June 4, 2004
* Former NBC Entertainment President Scott Sassa, 45, was named CEO of networking website Friendster Inc. * Helen Murphy, executive vice president and chief financial officer of the newly private Warner Music Group, is departing the company with about nine months left on her employment contract.
May 23, 2002 |
General Electric Co.'s NBC expanded the role of Entertainment President Jeff Zucker, who has improved the network's ratings since taking over programming in December 2000. NBC announced Wednesday that Zucker would take on responsibilities over syndication and studio production now handled by West Coast President Scott Sassa. Sassa's new role has yet to be determined, but NBC executives said he will be working on strategic initiatives.
May 22, 2002 |
NBC is expected to announce this week a new role for Scott Sassa, president of NBC West Coast since May 1999. Sassa, whose future has been the subject of speculation for more than a year, will focus on strategic and business development initiatives, working directly for NBC Chairman and Chief Executive Robert C. "Bob" Wright, according to sources close to the company. NBC declined to comment.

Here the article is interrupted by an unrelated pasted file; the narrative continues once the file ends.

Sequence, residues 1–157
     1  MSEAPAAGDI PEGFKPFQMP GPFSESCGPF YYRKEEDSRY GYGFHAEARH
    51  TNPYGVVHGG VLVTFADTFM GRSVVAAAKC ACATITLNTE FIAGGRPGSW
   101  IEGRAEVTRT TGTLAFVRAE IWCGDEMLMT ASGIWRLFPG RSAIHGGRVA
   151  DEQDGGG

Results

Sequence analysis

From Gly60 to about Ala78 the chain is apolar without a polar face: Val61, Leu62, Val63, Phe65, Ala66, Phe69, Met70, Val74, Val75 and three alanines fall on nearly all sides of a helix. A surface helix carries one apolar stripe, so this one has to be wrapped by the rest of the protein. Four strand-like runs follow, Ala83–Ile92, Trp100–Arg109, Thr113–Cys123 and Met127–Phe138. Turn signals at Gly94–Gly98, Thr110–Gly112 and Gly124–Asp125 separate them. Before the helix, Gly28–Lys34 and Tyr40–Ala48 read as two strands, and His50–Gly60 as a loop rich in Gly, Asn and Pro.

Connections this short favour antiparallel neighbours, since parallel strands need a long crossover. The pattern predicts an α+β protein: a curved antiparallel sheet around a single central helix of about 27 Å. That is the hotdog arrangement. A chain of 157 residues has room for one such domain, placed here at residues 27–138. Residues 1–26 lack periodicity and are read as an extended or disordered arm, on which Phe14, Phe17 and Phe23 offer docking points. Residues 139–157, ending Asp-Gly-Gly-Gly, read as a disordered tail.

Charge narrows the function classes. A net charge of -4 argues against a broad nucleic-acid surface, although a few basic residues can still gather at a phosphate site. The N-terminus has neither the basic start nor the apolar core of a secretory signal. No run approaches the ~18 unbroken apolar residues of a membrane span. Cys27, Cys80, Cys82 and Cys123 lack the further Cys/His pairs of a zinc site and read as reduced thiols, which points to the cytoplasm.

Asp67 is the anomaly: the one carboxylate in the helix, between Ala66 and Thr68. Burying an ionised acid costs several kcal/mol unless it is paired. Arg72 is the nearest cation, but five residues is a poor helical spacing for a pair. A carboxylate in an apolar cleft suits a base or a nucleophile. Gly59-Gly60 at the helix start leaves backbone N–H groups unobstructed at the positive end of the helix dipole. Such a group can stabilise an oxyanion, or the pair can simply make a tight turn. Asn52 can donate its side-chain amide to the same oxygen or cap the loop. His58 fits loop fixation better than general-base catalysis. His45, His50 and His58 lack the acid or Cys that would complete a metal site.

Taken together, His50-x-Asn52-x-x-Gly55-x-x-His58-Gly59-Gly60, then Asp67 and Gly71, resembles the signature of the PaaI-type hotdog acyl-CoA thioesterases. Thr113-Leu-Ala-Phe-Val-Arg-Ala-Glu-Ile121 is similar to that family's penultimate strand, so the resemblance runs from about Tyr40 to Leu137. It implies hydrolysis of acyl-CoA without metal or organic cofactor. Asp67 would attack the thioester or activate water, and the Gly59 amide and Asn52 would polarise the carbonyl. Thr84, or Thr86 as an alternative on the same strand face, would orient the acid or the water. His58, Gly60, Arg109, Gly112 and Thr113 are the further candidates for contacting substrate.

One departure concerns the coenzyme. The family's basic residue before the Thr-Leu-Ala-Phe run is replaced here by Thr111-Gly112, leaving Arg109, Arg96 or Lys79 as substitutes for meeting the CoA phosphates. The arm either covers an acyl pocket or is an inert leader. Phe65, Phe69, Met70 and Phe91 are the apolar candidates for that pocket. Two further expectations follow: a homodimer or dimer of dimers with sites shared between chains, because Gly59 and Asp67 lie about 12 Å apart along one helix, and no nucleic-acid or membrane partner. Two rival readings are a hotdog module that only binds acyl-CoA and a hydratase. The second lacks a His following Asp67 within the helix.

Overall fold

February 5, 2002 |
NBC Entertainment's top West Coast executive, Scott Sassa, is negotiating to leave the network, according to NBC sources. Although neither NBC nor Sassa would comment on his plans, NBC's West Coast president reportedly will step down in June, after the network announces its fall lineup of shows. Sassa has overseen the network's prime-time shows for three years, with Jeff Zucker, NBC's entertainment chief, reporting to him.
January 18, 1999 |
The new entertainment presidents at the NBC and Fox networks have much in common. Both are 39 years old, cut their teeth at cable TV channels and assumed their positions in the last few months after a relatively successful predecessor was abruptly ousted. They expressed different visions of the future, however, in separate sessions addressing a group of television critics assembled for a semiannual gathering in Pasadena.
January 15, 1999 |
NBC wants less sex on its airwaves and fewer programs set in New York City, the home of one of its greatest hits, "Seinfeld," the network's new entertainment president, Scott Sassa, said Thursday. Sassa, speaking to TV critics in Pasadena, said he also wants to see more traditional families and greater ethnic diversity featured in NBC shows.